Assam Forest Department is all set to initiate strong legal actions against the owner of 47-year-old elephant, Laxmi, which died under mysterious circumstances in Mizoram.

The 47-year-old captive elephant, Laxmi, died few days ago near the Kanhmun Forest Range in Mamit district of west Mizoram, bordering the Jampui hills of Tripura.

Later, the body of the dead elephant was sliced, and the meat was distributed and consumed openly by the villagers.

“We are now going to serve notice to the owner of the elephant,” Sunneydeo Choudhury, divisional forest officer of Cachar told Northeast Now on Friday.

Also Read – After Mizoram, people in Nagaland feast on elephant meat

It was found that one Md. Mastufa Ahmed Laskar of Sonai in Cachar district of Assam had “illegally” leased it to one Pu Khualhina of Kanhmun (a timber smuggler) in Mizoram for carrying heavy logs in the jungle.

No permission was granted by the Assam Forest Department to transport or transfer Laxmi to anyone Mizoram.

On Tuesday, the Sunneydeo Choudhury had directed the owner of the elephant to submit a post-mortem report from a government veterinarian within 48 hours describing the exact cause of death of the animal.

As the owner of the elephant, Md. Mastufa Ahmed Laskar, failed to submit the post-mortem report within the specified time, the Assam Forest Department is now getting ready to issue the legal notice.

The 47 year old female elephant apparently died of cardiac arrest because of uninterrupted hard work in the hills terrain of Mizoram.

Also Read – Mizoram Forest Dept “inert” over people feasting on elephant meat

Though the Assam Forest Department officials did not specify the sections, it is obvious that the case will be registered under Section 9 and Section 40 (2A) of the Wildlife (Protection) Act, 1972.

As per Section 9 of the Wildlife (Protection) Act, 1972, it is specifically mentioned that no person shall hunt any animal specified in Schedules I list.

The punishment for violation of Section 9 of the Wildlife (Protection) Act, 1972 is seven years imprisonment, and a penalty of Rs 50,000.

As per Section 40 (2A), no person shall sell, offer for sale or otherwise transfer or transport any animal specified in Schedule I without the permission of the Chief Wildlife Warden.

It was also reported that the ownership certificate of the elephant, which was issued by the Assam Forest Department to Md. Mastufa Ahmed Laskar, had expired on August 2014.

Also Read – 30 percent decline in captive elephant population in Assam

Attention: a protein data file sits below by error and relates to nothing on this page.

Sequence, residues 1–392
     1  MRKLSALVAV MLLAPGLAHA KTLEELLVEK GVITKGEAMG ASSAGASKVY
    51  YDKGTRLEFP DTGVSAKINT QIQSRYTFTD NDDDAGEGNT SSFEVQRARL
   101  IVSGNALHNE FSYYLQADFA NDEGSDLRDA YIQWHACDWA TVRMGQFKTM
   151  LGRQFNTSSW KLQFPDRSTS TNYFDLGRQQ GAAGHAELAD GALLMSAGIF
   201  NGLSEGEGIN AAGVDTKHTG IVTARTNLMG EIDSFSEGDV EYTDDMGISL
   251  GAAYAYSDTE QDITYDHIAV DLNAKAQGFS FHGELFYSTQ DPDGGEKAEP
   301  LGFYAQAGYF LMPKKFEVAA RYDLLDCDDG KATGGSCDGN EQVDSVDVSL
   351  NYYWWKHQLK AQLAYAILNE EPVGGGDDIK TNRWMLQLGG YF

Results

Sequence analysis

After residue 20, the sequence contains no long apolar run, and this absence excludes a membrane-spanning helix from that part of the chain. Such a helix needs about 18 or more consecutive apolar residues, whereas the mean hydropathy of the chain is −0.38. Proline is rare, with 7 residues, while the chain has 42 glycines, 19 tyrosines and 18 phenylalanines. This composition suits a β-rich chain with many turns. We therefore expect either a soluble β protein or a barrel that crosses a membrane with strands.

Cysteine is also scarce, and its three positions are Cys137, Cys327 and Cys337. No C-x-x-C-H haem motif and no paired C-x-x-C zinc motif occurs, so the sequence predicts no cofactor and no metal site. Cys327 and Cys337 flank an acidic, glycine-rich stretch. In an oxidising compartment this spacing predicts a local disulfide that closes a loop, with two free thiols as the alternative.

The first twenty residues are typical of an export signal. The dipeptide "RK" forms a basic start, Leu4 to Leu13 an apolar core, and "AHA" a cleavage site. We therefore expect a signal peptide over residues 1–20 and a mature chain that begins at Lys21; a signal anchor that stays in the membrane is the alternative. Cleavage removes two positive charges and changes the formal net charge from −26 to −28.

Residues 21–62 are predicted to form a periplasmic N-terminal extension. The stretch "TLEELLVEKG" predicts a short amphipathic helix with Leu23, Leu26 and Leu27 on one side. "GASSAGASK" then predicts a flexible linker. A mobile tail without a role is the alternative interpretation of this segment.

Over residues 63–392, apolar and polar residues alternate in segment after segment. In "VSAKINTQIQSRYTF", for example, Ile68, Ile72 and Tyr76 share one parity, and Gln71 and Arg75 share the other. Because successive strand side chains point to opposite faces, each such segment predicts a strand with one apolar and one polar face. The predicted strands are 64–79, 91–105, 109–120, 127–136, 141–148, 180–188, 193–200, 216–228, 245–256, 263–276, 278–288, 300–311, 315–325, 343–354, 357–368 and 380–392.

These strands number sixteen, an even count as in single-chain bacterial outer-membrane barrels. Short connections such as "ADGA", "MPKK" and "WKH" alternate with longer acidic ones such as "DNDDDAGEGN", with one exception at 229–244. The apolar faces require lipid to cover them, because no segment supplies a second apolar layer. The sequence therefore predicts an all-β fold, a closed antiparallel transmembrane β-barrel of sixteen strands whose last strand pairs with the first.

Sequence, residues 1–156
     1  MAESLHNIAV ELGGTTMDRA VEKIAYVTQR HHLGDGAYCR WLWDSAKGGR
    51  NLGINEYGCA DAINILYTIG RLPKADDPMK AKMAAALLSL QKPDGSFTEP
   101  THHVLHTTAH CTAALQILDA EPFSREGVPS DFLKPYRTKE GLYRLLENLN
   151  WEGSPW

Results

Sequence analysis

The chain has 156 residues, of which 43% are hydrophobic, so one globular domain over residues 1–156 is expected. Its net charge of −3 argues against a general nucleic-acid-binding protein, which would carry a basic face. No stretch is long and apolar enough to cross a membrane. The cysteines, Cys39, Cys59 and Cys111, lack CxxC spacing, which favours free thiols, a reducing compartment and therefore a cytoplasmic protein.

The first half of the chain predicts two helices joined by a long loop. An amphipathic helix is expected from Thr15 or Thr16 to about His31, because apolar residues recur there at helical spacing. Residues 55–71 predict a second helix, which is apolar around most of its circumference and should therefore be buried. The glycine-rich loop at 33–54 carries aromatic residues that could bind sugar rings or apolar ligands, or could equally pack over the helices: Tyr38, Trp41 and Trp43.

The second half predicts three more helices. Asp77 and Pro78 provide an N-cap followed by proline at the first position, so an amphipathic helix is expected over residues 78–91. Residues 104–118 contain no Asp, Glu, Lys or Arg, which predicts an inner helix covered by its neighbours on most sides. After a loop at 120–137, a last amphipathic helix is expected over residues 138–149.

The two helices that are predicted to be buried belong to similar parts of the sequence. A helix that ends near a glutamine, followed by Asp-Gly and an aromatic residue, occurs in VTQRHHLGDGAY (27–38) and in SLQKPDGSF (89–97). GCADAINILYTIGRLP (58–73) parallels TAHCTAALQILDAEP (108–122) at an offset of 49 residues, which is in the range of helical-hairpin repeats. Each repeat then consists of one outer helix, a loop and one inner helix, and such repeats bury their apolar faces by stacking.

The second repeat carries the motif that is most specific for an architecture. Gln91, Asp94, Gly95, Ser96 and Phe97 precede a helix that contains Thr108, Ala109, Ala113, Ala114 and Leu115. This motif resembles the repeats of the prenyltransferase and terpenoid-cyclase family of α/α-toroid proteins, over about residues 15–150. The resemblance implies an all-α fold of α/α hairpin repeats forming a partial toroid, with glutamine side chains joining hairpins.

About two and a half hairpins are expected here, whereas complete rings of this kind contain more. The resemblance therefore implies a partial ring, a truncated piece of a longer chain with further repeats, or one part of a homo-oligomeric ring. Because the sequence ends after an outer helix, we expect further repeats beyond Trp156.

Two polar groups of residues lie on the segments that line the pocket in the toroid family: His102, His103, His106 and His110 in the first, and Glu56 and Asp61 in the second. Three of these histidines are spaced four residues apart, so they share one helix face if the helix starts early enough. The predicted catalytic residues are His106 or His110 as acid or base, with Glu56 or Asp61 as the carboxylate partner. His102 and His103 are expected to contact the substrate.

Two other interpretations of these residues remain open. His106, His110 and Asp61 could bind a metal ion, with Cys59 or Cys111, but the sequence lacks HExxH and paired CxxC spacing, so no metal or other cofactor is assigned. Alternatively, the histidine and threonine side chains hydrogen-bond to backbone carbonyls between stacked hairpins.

Taking cognizance of the incident of Laxmi’s mysterious death in Mizoram, the Assam Forest Department on Thursday evening issued a notice to senior officials to immediately inquire into all cases of illegal transportation of captive elephants.

The notice was issued a notice to the Special PCCF, Karbi Anglong, Additional PPC, Kokrajhar, and CCFs of Lower Assam, Upper Assam and Dima Hasao.

The Assam Forest Department issued the notice because there are reports that owners of elephants often illegally lease out the animals to Nagaland and Mizoram for carrying heavy logs in the hills jungles.

Meanwhile, the Mizoram Forest Department has been caught on the back foot over the 47 year old elephant’s death.

Animal rights activists have started questioning as to how the Mizoram Forest Department issue grazing permit on June 7, 2019 to the elephant which was transported illegally to Mizoram and the ownership certificate had also expired.

Also Read – Did Assam Forest keep New Delhi in dark on 4 elephants’ transport bid to Gujarat?

As per Rule 12 of the Declaration of Stock Rules, captive elephants in respect of which ownership certificate has not been granted or obtained could be treated as government property.

If the ownership certificate issued to Md. Mastufa Ahmed Laskar for Laxmi expired in August 2014, it is surprising as to why the Mizoram Forest Department did not confiscate the elephant.

There are several other elephants (all from Assam), who are forced to carry heavy logs by a section of timber smugglers in Mizoram. All the elephants are in poor physical condition and health in Mizoram.

Anirban Roy

Anirban Roy is Editor-in-Chief of Northeast Now. He can be reached at:

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